If Rowen needs breaks, his older brother is on stand by ready to step in and make sure his brother’s friends are still having fun.

We have nachos and pizza on the menu. Rowen picked out his chips and soda flavors. He wants to play video games and watch movies. He asked his Dad special to go buy donuts tomorrow morning.

And as I type he is telling me I need to finish picking up the house before his friends get here, so I had better end this now. Please pray that Rowen, his friends and family all have fun and memorable night!

Lexi

Today is one of those milestone days for a senior in high school. Today, Lexi will play basketball for the last time in Chapman Gymnasium.

Chapman has been a second home to her since 7th grade. And for years before that she worked her tail off making sure she could play in the Gymnasium wearing a Hawkette Jersey.

As a freshman, #10 was not her first choice, but as being a freshman goes, she got #10. I know I’m biased but she’s had a great career and has done #10 proud. This season I even had to find someone to sew it back together again because it means so much to her.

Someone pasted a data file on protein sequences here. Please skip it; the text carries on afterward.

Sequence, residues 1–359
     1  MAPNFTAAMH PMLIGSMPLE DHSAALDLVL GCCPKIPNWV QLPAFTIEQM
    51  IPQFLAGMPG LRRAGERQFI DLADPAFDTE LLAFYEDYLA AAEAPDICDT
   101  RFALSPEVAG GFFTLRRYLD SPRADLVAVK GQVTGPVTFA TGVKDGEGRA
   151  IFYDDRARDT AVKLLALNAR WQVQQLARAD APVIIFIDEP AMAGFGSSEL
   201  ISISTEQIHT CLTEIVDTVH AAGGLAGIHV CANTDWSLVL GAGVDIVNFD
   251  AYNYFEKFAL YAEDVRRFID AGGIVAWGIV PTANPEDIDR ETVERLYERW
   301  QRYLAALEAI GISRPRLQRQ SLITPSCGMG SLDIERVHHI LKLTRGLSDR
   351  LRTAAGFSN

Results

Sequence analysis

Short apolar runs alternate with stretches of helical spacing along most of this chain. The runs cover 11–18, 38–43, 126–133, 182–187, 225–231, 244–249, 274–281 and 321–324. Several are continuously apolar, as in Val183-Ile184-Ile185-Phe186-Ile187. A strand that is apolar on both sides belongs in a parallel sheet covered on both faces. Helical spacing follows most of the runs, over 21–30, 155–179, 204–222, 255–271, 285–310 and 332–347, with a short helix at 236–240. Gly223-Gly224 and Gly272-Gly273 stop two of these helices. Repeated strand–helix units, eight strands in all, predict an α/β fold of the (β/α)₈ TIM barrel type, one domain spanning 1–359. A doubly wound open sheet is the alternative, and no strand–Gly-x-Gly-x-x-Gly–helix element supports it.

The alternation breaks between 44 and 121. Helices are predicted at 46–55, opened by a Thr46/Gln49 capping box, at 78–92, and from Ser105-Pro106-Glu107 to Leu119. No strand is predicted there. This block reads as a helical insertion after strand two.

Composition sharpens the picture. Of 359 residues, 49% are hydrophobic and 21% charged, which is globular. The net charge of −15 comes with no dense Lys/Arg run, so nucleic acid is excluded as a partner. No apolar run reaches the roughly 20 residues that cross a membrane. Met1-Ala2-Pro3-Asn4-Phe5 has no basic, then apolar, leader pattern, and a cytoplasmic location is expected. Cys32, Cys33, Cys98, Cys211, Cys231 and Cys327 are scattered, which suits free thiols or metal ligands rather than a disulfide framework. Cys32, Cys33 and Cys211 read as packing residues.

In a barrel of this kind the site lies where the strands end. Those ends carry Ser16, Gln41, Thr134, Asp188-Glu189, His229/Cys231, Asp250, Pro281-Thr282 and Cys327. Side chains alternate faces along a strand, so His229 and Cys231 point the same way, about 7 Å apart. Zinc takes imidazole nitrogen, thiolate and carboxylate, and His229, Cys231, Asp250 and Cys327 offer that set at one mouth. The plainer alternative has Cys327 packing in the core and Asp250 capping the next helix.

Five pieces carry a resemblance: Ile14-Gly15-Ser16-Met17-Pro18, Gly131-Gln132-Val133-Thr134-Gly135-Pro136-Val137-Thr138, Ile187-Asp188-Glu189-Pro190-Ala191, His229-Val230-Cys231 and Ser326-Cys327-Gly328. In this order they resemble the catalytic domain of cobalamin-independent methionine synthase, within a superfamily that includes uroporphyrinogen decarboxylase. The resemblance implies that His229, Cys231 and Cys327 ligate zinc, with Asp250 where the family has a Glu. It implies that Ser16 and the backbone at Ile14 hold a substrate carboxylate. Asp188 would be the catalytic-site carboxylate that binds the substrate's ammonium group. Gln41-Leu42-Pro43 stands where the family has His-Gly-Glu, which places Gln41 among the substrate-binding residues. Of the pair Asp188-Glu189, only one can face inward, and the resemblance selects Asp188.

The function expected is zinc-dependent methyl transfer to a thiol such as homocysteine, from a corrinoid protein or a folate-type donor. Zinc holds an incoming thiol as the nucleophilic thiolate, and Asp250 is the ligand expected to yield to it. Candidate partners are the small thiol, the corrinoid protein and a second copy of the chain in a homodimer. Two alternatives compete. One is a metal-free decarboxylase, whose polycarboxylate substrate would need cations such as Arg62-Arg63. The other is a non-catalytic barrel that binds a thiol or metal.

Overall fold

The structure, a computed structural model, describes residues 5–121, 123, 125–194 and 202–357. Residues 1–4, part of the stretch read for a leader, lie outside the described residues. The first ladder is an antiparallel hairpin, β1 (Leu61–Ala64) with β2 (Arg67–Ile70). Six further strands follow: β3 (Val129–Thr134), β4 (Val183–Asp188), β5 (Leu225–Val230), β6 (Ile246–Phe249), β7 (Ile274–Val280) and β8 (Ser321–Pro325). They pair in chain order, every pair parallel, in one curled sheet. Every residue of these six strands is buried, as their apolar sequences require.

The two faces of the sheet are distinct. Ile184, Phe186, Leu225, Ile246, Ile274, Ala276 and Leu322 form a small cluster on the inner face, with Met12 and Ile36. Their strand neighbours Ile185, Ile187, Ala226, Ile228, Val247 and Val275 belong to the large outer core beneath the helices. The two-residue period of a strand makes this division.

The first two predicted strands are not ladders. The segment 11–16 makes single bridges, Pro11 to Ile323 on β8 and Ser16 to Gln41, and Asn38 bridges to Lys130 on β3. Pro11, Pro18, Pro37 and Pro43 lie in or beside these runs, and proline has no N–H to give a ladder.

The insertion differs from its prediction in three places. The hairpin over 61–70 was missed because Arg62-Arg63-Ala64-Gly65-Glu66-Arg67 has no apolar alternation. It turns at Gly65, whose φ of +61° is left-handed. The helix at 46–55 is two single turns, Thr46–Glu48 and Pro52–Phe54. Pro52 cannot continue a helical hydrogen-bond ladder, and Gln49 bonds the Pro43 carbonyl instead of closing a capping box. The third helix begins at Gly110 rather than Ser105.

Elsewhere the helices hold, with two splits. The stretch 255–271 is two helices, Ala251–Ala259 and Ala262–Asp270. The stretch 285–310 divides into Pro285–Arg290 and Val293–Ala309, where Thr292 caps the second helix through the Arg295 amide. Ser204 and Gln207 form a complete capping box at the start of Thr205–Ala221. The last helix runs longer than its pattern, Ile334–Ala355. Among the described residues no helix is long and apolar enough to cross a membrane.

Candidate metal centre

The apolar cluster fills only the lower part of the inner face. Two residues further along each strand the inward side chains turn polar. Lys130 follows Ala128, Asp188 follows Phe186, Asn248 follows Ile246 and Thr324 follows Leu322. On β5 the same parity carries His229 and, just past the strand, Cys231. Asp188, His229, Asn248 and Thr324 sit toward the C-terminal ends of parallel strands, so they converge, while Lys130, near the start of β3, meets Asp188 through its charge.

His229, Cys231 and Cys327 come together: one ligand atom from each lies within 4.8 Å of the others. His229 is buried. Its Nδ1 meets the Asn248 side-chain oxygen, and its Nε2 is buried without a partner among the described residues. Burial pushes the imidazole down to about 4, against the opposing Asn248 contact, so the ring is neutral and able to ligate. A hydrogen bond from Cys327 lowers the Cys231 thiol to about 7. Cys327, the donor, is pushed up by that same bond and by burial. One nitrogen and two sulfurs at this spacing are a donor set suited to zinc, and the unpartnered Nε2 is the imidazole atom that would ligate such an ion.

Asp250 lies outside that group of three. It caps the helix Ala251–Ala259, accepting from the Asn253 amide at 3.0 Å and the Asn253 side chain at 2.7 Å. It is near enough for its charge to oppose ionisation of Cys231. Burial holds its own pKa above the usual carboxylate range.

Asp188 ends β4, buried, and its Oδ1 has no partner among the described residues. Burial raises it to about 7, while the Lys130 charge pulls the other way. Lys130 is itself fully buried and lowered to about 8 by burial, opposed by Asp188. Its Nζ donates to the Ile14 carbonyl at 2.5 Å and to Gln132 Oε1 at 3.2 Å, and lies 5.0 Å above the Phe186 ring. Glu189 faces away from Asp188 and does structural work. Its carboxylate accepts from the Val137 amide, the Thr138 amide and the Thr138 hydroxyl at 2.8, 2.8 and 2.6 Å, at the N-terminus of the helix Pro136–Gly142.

I will miss the crazy loud nights sitting next to her dad, one of the loudest fans in the place. I will miss quick runs to the bathroom with her younger siblings straining my ear to listen for her name in case I missed something. Heck, I’ll miss my diet of popcorn and Diet Pepsi.

I’ll miss everything about it, especially her.

She is everything I could have ever hoped for in a daughter. She is bright, vibrant, a light. The last 4 years, I’ve been told that repeatedly by fans, teachers, other parents; so it’s not just me.

She is dedicated, works hard, and sacrifices a lot. A lot of people see that.

The things they don’t see are a sister that worries about her siblings, especially her 3 brothers living with a fatal genetic disease. She carries her brother Max up and down the stairs at lunch. She can give them their meds and stretch them. She’s had to do more on her own than I would have liked because they physically need us more. That’s been hard at times, but she’s always understood and just fought a little harder to compensate.